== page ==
Tag: cats

Help, My cat keeps marking its territory around the house!

Dr Richard Thomas – Cairns Vet Clinic

Dear Dr Richard Thomas, my cat keeps marking its territory around the house. What can I do?

Cats tend to mark areas/their territory in response to stressful stimuli, luckily there are a few things you can do to stop this. Try different types of litter and make sure to keep it fresh. Have more trays than cats, placed in a quiet and accessible area. Restrict access to areas they’re marking or use a cleaner containing ‘urease’. Spray relaxing pheromones, or install a diffuser (“Feliway”) near the marking areas, and make sure to keep cats separated if they don’t get along. If this doesn’t work then you should speak to your vet.

Read more from Cairns Vet Clinic here. 




Help, My Cat Keeps Marking Its Territory!

Urine marking can land your cat straight into the bad books. Even some furniture and shoes in particular can often be permanently ruined by a smelly territorial mark. Thankfully, there are many treatments and preventative strategies to reduce the incidence and severity of this noxious behaviour. 

In general cats tend to mark in the wild to define their territory to reduce violent overlap with other cat’s territories. Feral cats can have natural ranges of anywhere between 2.5 and 700 acres. So if you think about it, we’re taking animals that are genetically geared to roam hundreds of acres by themselves, and putting them into tiny apartments in close proximity with other cats. No wonder it can be very stressful for them.  

In response to the stress mentioned above, cats are prone to developing urinary tract inflammation and crystals. For this reason, abnormal marking is a problem where you should visit the vet first. Ideally, bring in a fresh urine sample for testing. A visit is essential to check for infection, urinary crystals, stress cystitis, and kidney failure, amongst other problems.

If your cat gets the all-clear after being checked, then their marking problem is likely behavioural. So how do we reduce this behaviour? 

Take your number of cats, plus one, and that’s how many litter trays you need. 

Got two cats? Get three litter trays. Got three cats? Get four litter trays. Cats prefer fresh, clean litter, so encourage them to use their litter tray by changing it regularly. You can even try offering different types of litter to see if there’s one they prefer. By making the litter as appealing as possible, you’re helping encourage them to urinate where they’re meant to. 

Restrict access to the area, and clean the area immediately. 

One of the best ways to break the marking habit is to remove access to the item or area they’re marking. This may mean closing off the lounge room door, or moving your shoes from the floor. Clean the area they’ve marked immediately with a urease-containing cleaner (“urine-off”) to reduce the scent trigger for them to re-mark the area.  

Have plenty of hidey holes and space. 

Many cats prefer their own company, and find social interaction with other cats quite stressful. Try making sure they have plenty of places to hide and relax around the house. Boxes, cat towers, and cupboards, can all be used as hiding places.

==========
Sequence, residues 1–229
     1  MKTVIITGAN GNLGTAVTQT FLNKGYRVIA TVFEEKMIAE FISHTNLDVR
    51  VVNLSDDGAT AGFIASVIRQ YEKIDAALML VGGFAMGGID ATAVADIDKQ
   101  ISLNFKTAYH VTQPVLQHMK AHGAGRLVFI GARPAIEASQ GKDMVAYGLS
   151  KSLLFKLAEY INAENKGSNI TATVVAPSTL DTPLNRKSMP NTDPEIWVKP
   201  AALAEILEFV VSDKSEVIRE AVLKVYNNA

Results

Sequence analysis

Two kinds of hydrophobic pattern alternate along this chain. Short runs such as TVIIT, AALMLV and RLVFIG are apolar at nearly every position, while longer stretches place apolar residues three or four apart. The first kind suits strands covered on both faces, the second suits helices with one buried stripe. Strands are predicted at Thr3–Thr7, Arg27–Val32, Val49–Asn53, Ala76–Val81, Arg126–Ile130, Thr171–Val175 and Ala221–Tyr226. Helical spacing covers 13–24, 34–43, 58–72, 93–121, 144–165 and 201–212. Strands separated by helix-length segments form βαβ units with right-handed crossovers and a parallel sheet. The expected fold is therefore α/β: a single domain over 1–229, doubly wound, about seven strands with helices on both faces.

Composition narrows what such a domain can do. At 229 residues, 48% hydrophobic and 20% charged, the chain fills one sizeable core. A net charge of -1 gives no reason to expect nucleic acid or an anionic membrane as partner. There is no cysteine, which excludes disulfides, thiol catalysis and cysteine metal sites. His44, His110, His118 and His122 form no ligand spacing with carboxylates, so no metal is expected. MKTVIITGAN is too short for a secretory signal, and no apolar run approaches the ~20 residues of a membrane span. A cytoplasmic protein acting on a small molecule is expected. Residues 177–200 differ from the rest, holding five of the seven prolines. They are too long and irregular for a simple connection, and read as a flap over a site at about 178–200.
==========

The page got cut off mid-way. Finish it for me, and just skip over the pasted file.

Try pheromone sprays and diffusers.

“Feliway” sprays and diffusers contain artificial pheromones that help to reduce stress related marking behaviour. The spray can be sprayed daily on problem areas, such as the couch, whereas a diffuser will treat a whole room for around 30 days. 

Try some Zylkene.

“Zylkene” is a milk protein that seems to help relax stressed-out kitties. The powder is sprinkled onto their food and they tend to eat it enthusiastically. It has the main benefit of being a safe and simple treatment to reduce stress. 

Consider environmental adjustment.

Installing an outdoor cat run can take time and effort, but your cat will thank you when they can go outside and enjoy some space, sun, and fresh air. You won’t have to worry about them going missing, hunting wildlife, or getting into fights. This can help to increase their available space and reduce their stress levels. 

Try some cat nip toys.

Many cats respond positively to catnip toys or fresh catnip. We can use this in their environment to help keep them relaxed. 

Use separate water and food bowls.

Cats can find sharing food and water pretty stressful! Try placing food and water bowls around the house so they can eat where and when they want. 

Consider veterinary treatments.

Vets can provide advice on the best diets to reduce stress and reduce crystal formation in cats. We can also discuss stronger ways to reduce stress-related behaviour, such as antidepressant use. It is always necessary to address environmental problems alongside medical treatment.  


You can find more expert advice on the Cairns Veterinary Clinic website





Pregnancy is a time that is so exciting, but it can turn the best of us into worry-warts. Bringing life into the world is an experience incomparable to any other.

Your body goes through many stages during this time, and certain things from your pre-baby life may not be safe for you or your baby.

There are certain foods, drinks and activities that should be avoided during pregnancy, as they may carry a risk (although often small) of infection, poisoning or other harm to you both.

Food and Drink

Raw fish Raw fish can cause several infections, such as Salmonella, Vibrio and Listeria. Pregnant women are up to 20 times more likely to get infected by Listeria than the general population, so hold off eating that sashimi until after birth.

Soft cheeses – Avoid mould-ripened soft cheese, such as brie and camembert. The mould can, again, contain Listeria, so it’s important to take precautions. However, you can still eat hard cheeses such as cheddar and parmesan (phew).

Raw or partially cooked eggs – You may want to avoid ordering eggs benedict next time you’re at brunch, as there is a risk of Salmonella poisoning.

Liver products – Liver pâté or sausages may contain a lot of vitamin A, too much of which may harm your baby.

Alcohol – There is no safe level of alcohol to drink during pregnancy, so it is safest to have none at all as even the smallest amount can negatively impact your baby’s brain development.


Don’t paint the nursery – Exposure to toxicity from the paint may harm your unborn baby. Just find someone else to do the painting; win-win.

Don’t change the kitty litter Cat faeces may carry toxoplasmosis, a rare parasitic disease. While rare, it’s better to be safe than sorry – and if you must do it yourself, wear gloves and thoroughly wash your hands afterwards.